The Case of Brett Kavanaugh


On June 27, 2018, Justice Anthony Kennedy announced his retirement from the Supreme Court after having served for 30 years. Thus, a seat was left open on the Supreme Court, the highest court in the federal judiciary of the United States. As is the right of the current president to nominate a Justice to fill the vacancy in the Supreme Court, Donald Trump nominated Brett Kavanaugh on July 27, 2018.

Brett Kavanaugh served as a United States Circuit Judge of the U.S. Court of Appeals for the District of Columbia Circuit and as a staff lawyer for various offices of the United States government. From a legal standpoint, he leans towards the conservative side. Kavanaugh’s confirmation to the Supreme Court of Justice began on September 4, 2018. As the Senate Judiciary Committee neared the end of the confirmation process, Kavanaugh faced allegations of sexual assault by Christine Blasey Ford. Dr. Ford, a professor of psychology, accused Brett Kavanaugh of sexually assaulting her in high school, thirty-six years prior. Along with Dr. Ford, Kavanaugh faced allegations of sexual assault from two other women, Deborah Ramirez and Julie Swetnick. Kavanaugh denied all allegations made against him.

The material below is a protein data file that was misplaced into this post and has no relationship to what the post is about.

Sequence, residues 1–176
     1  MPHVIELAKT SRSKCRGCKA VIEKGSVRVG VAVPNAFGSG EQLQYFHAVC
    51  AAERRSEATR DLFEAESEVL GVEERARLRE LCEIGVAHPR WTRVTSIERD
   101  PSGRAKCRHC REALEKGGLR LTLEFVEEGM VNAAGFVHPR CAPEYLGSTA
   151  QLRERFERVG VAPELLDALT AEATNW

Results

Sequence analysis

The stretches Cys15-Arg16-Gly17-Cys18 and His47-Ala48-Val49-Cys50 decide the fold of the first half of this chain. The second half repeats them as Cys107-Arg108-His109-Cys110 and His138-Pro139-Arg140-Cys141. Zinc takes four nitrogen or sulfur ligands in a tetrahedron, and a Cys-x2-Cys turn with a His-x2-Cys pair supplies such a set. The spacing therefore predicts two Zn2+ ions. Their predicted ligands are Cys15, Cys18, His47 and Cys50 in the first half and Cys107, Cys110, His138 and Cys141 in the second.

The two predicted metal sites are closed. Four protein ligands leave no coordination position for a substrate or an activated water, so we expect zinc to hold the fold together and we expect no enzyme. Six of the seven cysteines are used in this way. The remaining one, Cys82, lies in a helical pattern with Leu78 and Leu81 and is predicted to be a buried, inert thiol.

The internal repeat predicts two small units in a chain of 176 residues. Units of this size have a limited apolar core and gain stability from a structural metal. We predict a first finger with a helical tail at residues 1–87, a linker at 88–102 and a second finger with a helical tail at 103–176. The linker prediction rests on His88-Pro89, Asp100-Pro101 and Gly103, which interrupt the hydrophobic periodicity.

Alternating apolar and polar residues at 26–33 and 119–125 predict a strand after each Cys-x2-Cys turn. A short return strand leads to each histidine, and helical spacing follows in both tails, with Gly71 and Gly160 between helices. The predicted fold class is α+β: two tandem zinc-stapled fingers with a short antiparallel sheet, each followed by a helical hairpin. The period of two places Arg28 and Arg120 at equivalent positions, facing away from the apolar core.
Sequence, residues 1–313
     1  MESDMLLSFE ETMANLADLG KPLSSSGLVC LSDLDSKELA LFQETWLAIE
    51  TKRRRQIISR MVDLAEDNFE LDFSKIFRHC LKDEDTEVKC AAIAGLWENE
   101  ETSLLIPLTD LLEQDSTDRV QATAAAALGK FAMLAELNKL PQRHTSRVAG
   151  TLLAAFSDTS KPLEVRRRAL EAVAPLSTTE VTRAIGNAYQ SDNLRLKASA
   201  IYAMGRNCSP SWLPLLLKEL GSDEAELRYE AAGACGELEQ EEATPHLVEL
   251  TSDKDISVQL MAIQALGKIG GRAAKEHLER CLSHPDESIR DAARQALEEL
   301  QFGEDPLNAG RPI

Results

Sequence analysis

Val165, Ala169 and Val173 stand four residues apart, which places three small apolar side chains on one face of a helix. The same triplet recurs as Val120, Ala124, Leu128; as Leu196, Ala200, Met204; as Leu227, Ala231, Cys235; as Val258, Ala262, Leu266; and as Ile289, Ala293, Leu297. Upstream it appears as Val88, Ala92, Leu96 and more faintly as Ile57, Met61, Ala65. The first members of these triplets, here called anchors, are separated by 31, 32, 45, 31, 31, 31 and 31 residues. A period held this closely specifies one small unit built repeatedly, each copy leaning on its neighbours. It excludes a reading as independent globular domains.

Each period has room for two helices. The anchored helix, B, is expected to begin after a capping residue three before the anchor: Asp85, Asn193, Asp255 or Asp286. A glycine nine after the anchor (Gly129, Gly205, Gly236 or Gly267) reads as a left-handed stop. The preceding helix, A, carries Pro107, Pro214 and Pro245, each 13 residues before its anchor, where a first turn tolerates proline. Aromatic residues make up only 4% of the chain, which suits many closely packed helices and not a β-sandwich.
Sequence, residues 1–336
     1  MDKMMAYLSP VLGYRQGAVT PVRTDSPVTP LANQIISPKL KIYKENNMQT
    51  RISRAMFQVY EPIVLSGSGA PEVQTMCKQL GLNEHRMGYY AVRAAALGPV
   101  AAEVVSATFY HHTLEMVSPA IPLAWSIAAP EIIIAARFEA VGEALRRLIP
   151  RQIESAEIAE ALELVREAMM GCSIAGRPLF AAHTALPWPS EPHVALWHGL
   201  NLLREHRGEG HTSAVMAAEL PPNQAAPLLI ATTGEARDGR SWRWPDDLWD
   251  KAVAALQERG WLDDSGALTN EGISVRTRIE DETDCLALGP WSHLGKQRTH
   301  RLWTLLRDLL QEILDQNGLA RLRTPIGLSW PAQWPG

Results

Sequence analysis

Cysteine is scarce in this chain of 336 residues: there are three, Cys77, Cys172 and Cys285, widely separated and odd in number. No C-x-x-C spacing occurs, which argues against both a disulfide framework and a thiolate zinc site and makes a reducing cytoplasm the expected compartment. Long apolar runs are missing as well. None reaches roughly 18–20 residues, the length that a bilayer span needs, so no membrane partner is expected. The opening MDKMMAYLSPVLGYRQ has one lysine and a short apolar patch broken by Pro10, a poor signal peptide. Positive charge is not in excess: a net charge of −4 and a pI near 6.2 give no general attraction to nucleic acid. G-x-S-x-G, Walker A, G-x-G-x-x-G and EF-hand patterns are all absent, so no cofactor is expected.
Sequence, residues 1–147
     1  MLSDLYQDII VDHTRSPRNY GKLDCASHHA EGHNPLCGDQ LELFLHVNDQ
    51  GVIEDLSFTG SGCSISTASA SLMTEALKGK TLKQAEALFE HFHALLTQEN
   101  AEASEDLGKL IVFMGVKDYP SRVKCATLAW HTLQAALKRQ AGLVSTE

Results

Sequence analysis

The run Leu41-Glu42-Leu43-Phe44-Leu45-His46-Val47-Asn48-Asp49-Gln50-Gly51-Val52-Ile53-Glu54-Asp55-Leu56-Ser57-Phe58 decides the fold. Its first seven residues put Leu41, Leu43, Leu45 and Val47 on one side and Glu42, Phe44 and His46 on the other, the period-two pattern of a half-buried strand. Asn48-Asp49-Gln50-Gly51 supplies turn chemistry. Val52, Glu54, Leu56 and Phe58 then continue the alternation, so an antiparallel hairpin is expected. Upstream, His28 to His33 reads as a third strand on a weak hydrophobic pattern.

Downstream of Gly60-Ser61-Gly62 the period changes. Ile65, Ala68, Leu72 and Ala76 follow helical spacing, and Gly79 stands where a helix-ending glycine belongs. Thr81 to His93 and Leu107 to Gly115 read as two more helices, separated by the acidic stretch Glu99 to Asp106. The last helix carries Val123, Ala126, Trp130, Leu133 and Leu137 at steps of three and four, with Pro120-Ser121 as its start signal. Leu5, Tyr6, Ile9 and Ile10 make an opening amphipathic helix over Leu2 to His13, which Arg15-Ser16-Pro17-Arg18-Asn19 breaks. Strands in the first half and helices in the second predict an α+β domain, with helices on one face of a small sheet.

As a result of these accusations, the Senate Judiciary Committee postponed Kavanaugh’s confirmation to allow both Dr. Ford and Kavanaugh a chance to respond. On September 27, Dr. Ford and Kavanaugh were questioned by members of the Judiciary Committee. Both of their testimonies were filled with emotion as Dr. Ford held back tears when she testified that Brett Kavanaugh was 100% the man who had tried to sexually assault her years before, and Kavanaugh reacted angrily as he blatantly denied Ford’s allegations and yelled at those who were questioning him.   

On September 28, the Judiciary Committee voted 11-10 to send Kavanaugh’s nomination to the floor, and also asked Trump to launch a full FBI investigation before the full Senate vote. On October 4, the findings of the FBI investigation were released to the Senate Judiciary Committee, and the next day, October 5, the Senate voted 51-49 to advance Kavanaugh’s nomination. Then, on October 6, Brett Kavanaugh was confirmed to the Supreme Court with a 50-48 vote, and later, on October 8, he participated in a ceremonial swearing in at the White House.


Just share it.